2.1. The Ideas of Young, Middle-Aged, and Old Women and Men 27
In the case of defining the chronological dividing line for middle age, similar differences can be noticed between the women and men. In the opinion of the men taking part in the focused research, the middle age of women often begins as early as upon reaching 30 or 35 years of age, and in most cases lasts up to 60 years of age, which is associated with low-er ‘productivity’ and climactlow-eric, although the group of oldlow-er men point-ed out that the moment of entering old age is also determinpoint-ed by phys-ical appearance, as “it depends on how a woman takes care of herself” and “first of all, she should be attractive” (FGI_6_OM_M6).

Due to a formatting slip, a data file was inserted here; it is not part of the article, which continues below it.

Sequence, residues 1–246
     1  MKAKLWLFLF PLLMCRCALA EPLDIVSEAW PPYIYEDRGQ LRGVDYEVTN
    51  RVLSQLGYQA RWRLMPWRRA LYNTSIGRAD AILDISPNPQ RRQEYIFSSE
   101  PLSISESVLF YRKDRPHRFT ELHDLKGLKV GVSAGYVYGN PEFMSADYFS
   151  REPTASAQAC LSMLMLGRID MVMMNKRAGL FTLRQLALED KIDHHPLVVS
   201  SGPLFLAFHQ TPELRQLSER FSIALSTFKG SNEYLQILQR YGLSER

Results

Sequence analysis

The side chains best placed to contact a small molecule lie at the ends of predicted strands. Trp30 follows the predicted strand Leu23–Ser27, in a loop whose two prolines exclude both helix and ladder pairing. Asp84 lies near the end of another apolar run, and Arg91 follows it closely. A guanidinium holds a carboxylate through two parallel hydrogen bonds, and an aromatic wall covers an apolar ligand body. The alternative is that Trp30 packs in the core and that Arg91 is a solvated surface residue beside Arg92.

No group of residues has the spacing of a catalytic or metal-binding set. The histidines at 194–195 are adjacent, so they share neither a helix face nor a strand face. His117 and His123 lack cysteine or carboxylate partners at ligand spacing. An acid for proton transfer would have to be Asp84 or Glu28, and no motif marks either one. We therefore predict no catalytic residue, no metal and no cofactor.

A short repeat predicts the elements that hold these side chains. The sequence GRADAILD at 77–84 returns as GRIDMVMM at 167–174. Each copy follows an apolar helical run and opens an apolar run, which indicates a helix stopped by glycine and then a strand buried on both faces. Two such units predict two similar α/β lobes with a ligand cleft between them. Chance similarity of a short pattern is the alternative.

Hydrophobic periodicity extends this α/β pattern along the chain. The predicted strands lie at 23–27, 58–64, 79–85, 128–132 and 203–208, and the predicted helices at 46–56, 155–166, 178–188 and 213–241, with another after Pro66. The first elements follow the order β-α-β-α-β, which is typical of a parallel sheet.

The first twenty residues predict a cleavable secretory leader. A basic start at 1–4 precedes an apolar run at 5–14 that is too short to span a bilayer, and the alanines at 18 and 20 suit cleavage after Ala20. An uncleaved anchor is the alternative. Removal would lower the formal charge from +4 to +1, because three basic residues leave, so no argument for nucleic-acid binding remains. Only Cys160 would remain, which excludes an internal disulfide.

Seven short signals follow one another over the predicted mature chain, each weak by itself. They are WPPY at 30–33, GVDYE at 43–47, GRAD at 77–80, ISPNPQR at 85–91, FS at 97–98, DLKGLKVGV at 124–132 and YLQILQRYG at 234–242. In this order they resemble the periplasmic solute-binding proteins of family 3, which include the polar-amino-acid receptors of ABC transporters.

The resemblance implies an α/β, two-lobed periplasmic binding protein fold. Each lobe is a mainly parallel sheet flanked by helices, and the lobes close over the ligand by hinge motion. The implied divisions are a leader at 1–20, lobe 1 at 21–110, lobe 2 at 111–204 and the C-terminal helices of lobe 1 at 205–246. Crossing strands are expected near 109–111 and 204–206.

The young research participants proved to be the most restrictive group, as they set the upper boundary for the middle age of women as 50 or 55 years of age (which they did not apply to men). Thus, in their opinion, men grow old slower than women. During the discussion of one of the groups of middle-aged male respondents, the patriarchal attitude to their female peers could be noticed, as one of the participants, upon agreeing to shift the upper age boundary up, from 55 to 60, said: “oh well, give them that 60, if they want” (FGI_4_MAM_M1). Women, on the oth-er hand, when defining their own boundaries for that life stage, usually set 40 as the lower boundary, which proves that they feel young for a sig-nificantly longer period. An exception are the young female participants, who find it difficult to set the lower boundary for middle age. The par-ticipants of the first focus group feel the need to distinguish a transition-al period between a woman’s youth and middle age (35–40 years of age), followed by middle age starting from 40. The second group, however, set the lower boundary of women’s middle age at a lower level in the case of women than in the case of men (36 and 39 years of age, respectively). Thus, it seems that some women share the opinion of the male research participants that a woman’s youth is shorter than a man’s youth. Perhaps they notice the signs of biological ageing earlier and in a more painful way, or it results from adopting stricter social expectations regarding female appearance. If the influence of cultural constructs of femininity and masculinity can be observed in that case, it is significant that wom-en themselves use gwom-ender patterns in a manner discriminating their own gender, while men postpone the moment of the end of their youth. On the other hand, the middle age of men was usually specified as the period between 35 (solely in the opinion of the respondents of both sexes belong-ing to that age category) or 40 years of age (most of the research partic-ipants) and 60, or – in individual cases – 65 and 70 years of age. It does not depend, however, on physical appearance or external attractiveness, but, most of all, on professional activity (FGI_3_MAM; FGI_4_MAM), as well as health and fitness (FGI_5_OM; FGI_6_OM), which fully corre-sponds to the patriarchal concept of masculinity.